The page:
Best Unsettling Experience Award

Just edging out the time I spent standing behind a seven-year-old playing Hotline Miami 2 shouting “DIE” at the screen is Gone Home. While not quite as ‘in your face’ as telltale serial killers in the making, Fullbright’s subtle ghost story in a spooky house was enough to make me want to leave, even on a busy show floor. You return from your gap year to find, much to your horror, that you have to get a cab home from the airport because no-one’s there to collect you. Then you find out your entire family is missing and there are creepy post-it notes everywhere. The second bit is slightly more terrifying, but incredibly compelling.

I have no express desire to read through my sister’s diary in real life, or search my parents’ bedroom and inadvertently stumble across a sex guide for older couples, but in Gone Home I really couldn’t get enough. It combines a natural voyeuristic tendency with the vague promise of supernatural happenings to keep you in a heightened state of suspense while you read about your sister hating that kid she used to hang out with. Mundane, maybe. Creepy, definitely.

Most Fun Award

Going into the show, this was almost a given the moment I heard Hotline Miami 2 was in attendance. But after arriving, playing and ultimately finding out that ‘more of the same’ may not be the best way forward for an infinitely replayable top-down brutaliser, I defaulted to my next most-anticipated timesink for the weekend. Luftrausers, also on the Devolver Digital rollcall, is the latest game from Vlambeer (Ridiculous Fishing, Super Crate Box) to keep you eternally aiming for that next attempt that’s definitely going to be better than the last 47. Set as a 1940s dogfighting arcade shooter, Luftrausers has the perfect combination of fluid controls, simple but difficult objectives and seemingly endless customisation. As JW (Jan Willem) said after I finally hung up my flight cap and goggles, “It’s a game where we wanted people to feel like a fighter pilot god, where they can loop guys and wipe out massive blimps and stuff.” There’s a loose story going on too, and I was assured there would be some nice art to go with the cutscenes in the finished product which will release simultaneously on PC/Mac, PS3 and Vita in the next couple of weeks.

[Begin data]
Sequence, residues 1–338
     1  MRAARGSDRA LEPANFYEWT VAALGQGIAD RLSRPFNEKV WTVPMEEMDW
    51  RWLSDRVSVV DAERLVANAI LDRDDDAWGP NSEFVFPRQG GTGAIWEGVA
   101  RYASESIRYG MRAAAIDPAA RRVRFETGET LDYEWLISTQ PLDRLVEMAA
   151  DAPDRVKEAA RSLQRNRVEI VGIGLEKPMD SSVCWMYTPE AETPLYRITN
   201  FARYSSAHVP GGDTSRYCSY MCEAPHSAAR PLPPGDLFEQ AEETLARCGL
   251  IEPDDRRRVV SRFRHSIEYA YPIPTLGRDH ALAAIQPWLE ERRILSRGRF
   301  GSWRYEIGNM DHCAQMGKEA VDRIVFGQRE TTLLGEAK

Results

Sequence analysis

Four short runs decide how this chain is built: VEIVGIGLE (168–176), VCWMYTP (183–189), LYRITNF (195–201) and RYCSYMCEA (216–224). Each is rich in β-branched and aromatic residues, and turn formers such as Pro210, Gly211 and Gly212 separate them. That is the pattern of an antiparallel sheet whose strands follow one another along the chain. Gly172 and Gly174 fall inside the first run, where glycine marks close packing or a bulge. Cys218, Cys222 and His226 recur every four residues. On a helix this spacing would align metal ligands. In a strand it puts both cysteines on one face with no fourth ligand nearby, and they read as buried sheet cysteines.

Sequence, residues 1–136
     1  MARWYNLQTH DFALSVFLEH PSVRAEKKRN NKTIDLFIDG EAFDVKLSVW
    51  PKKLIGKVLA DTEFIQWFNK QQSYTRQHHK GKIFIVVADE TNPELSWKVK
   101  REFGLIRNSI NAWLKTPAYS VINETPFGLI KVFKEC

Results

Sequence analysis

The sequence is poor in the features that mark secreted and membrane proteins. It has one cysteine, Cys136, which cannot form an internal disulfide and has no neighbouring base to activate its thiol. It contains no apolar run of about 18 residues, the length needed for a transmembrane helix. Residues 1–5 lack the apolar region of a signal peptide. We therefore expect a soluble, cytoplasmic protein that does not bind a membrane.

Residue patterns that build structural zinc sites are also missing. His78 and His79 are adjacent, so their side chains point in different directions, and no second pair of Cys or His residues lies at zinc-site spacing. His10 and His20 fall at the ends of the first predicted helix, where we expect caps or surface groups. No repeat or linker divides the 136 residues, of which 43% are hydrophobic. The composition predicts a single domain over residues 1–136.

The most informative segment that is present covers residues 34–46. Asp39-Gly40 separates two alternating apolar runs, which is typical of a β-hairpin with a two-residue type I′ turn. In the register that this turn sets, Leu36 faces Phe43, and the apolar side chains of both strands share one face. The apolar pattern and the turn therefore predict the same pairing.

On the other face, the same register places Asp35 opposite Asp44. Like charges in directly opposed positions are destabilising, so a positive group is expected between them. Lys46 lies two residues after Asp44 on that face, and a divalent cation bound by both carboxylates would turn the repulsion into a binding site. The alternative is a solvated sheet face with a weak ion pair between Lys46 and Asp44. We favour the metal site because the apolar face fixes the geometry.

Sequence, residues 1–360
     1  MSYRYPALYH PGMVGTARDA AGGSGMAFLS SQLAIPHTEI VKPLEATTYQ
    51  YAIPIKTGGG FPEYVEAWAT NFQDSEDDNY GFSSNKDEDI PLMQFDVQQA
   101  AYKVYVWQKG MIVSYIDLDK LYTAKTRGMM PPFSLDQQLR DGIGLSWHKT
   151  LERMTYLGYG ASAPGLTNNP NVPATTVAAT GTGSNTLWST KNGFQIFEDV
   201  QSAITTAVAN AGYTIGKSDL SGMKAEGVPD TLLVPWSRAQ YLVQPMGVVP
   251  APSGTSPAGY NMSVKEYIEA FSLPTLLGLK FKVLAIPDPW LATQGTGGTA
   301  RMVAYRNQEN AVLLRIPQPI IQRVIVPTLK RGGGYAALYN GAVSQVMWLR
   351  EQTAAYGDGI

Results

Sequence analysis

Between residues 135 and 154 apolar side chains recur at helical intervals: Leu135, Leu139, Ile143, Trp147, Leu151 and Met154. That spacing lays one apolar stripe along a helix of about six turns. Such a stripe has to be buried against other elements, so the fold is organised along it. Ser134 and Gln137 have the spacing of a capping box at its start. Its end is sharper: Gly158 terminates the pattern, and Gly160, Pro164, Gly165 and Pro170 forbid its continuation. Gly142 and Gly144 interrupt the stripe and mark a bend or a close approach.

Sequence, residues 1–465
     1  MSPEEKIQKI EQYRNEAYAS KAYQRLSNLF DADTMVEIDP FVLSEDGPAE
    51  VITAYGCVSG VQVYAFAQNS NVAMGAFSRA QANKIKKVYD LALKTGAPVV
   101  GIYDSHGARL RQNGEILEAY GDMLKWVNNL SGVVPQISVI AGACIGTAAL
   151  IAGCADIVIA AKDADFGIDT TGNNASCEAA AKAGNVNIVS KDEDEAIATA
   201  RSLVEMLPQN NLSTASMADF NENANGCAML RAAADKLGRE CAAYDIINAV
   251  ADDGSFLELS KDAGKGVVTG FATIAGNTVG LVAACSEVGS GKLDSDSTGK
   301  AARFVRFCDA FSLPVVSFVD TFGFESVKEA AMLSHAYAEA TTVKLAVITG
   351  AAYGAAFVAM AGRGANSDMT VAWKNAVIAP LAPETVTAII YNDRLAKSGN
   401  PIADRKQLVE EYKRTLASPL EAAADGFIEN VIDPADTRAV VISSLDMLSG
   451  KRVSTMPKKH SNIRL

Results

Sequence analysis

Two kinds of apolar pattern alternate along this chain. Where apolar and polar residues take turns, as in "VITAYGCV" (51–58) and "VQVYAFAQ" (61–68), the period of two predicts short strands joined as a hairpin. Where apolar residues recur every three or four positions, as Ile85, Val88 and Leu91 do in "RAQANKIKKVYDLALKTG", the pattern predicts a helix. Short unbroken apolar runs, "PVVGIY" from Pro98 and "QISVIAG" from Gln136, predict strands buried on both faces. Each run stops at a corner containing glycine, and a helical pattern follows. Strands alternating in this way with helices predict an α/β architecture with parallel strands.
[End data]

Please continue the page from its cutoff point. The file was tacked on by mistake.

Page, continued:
Luftrausers screen